Much to my amazement, when I searched “ochre Massachusetts,” Google gave me a useful result, an abandoned “paint mine” active in the 1860s, where a natural deposit of ochre had yielded a yellow-brown pigment “of superior quality.”
This very specific information was a great help to a neophyte pigment hunter who could reliably identify only granite, slate and quartz. Not only was the mine said to be “still visible,” but Mindat.org had the coordinates.
So far, so good. But how to use longitude and latitude to identify a particular place? It turns out that Google Maps, once you learn the correct format in which to state the coordinates, can provide directions.
Now I had a location, a couple of photographs of the mine, and a picture of yellow ochre in the raw. My friend Wendy Drexler, a poet who used one of my paintings as the cover illustration for her book Before There Was Before, and I set off in my car with the GPS cranking. I had a backpack filled with the modern woman’s prospecting kit: a claw hammer, a large soup spoon, and several Tupperware containers. Forgot the water. And the bug spray. Fortunately Wendy remembered both.
The mine was several hundred yards from the road and it was challenging to figure out where to park until we found a trailhead. Then we set off on the wrong side of the road along a right-of-way for a high-voltage transmission line. We found a wooly spider carrying her babies on her back and various rocks we could not identify, but nothing that looked like our photo of the mine, much less any ochre.
GPS is not great where there are no roads, but eventually we figured out our mistake, went back to the car, crossed the road to the other trailhead and set off again, only to find, after wandering around in people’s yards, a meadow, and the edge of a forest, that we had been right in the first place, and across to the other trailhead we went, begging the question, Why did the novice rock hounds…
Eventually, with the help of a sign saying “paint mine” pointing in a somewhat indeterminate direction, we located the spot, although it did not look like a mine (so much for “still visible”). The only reason we found the deposit is that yellow ochre rocks were trapped in the roots of a fallen tree. Once we knew what it looked like, it was easy to find other specimens on the ground. I collected a chunk!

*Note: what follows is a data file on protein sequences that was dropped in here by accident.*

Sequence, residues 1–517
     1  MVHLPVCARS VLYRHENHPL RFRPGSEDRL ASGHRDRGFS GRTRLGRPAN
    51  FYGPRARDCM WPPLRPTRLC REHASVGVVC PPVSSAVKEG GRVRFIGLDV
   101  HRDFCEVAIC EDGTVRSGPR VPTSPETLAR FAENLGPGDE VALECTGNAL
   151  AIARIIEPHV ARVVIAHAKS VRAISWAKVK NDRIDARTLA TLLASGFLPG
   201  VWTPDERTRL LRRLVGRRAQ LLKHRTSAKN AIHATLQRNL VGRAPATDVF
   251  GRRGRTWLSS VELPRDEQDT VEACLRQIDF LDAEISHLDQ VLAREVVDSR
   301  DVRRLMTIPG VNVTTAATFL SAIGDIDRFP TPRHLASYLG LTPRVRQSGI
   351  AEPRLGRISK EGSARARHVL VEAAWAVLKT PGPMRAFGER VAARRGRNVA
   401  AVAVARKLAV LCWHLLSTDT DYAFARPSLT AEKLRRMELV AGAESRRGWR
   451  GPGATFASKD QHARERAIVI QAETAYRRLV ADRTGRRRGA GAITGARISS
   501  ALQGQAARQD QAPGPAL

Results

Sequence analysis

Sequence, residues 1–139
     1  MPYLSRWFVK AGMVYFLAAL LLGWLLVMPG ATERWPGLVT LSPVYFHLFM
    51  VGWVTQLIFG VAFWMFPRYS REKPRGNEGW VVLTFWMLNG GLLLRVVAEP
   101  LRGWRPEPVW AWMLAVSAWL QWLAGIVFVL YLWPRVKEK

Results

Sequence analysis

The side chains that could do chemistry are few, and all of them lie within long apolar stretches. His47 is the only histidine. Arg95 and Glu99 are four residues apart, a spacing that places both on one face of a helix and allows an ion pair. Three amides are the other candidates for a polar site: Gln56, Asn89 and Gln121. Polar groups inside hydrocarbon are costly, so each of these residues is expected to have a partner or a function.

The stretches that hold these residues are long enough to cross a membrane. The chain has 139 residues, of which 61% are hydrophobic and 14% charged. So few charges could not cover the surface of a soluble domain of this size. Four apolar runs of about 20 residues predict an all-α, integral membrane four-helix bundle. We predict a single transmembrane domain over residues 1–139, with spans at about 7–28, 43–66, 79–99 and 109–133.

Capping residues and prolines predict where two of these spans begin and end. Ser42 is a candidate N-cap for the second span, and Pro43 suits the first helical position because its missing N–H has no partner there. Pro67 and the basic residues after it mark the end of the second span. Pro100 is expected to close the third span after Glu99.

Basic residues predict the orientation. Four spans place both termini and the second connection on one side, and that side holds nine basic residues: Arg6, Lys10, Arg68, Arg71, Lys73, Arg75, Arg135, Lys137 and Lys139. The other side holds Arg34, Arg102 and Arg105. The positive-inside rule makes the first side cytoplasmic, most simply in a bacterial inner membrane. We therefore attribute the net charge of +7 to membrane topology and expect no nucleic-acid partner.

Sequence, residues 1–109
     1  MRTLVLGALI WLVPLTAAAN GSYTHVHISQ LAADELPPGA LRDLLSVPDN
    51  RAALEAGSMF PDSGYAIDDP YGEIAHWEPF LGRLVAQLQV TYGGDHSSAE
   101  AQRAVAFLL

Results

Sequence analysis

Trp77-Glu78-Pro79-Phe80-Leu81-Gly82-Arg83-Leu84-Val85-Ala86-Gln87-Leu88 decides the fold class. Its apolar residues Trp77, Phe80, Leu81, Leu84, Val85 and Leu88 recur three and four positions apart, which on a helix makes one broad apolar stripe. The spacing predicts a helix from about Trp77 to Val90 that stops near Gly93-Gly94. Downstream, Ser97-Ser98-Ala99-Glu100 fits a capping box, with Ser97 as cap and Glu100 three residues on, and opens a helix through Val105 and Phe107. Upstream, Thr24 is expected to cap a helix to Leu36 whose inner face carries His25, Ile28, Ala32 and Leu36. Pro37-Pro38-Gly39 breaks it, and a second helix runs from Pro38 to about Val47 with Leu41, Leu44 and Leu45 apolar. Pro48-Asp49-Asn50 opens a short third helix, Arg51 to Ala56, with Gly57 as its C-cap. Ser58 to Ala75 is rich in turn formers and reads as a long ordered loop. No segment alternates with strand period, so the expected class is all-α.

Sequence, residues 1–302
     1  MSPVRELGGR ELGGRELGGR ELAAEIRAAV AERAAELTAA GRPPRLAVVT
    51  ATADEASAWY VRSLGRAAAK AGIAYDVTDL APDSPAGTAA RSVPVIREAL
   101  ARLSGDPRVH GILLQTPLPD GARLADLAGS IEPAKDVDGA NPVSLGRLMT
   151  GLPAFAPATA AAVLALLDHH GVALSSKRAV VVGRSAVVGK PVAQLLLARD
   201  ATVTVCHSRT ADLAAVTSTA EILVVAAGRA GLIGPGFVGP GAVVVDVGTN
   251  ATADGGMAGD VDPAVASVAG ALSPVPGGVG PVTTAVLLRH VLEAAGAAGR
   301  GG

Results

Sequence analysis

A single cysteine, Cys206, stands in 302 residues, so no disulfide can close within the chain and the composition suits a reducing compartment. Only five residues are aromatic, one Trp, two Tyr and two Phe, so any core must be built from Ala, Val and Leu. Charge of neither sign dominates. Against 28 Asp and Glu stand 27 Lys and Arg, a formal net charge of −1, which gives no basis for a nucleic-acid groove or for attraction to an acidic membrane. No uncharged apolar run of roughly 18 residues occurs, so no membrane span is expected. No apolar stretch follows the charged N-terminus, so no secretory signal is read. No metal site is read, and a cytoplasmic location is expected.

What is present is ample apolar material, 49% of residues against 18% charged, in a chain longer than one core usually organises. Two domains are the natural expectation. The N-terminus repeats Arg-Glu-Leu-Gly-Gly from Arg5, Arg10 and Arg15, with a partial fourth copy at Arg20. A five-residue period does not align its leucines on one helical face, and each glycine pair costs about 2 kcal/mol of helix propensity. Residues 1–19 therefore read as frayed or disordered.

I was ecstatic. I had not been certain that my pigment project was actually doable, that I would be able to locate and identify any sources of pigment in New England. And here on our first try we had a significant piece of yellow ochre!
To say yellow ochre is yellow is pretty much to miss the point. Its major component is limonite, a combination of various iron hydroxides, mainly goethite. Depending on its exact composition, limonite varies in hue from light yellow to brownish yellow. Paint manufacturers distinguish among these colors and generally offer several different shades. Winsor & Newton Artists’ Oil Colours are available in yellow ochre pale yellow ochre light, gold ochre, yellow ochre, raw sienna, burnt sienna and transparent gold ochre. Natural Pigments offers more than a dozen powdered yellow ochre pigments from the BlueRidge Mountains, Armenia, France, and Italy. They range in color from the faintest tinge of yellow to distinctly brown.
Geothite changes to hematite (from yellow to red) at about 300 degreesCentigrade, which is why burnt sienna, even though it is distinctly reddish, is included among the yellow ochres. Correcting my earlier statement about ochres at The Harvard Museum of Natural History, I note that the museum does have examples of limonite, geothite, and hematite labeled as such; I did not realize those were actually the ochres I was looking for.
A challenge for another day is to figure out if putting yellow ochre in a kitchen oven and turning up the heat to 500 degrees Fahrenheit will turn yellow ochre into hematite without burning down the building. I’ll let you know.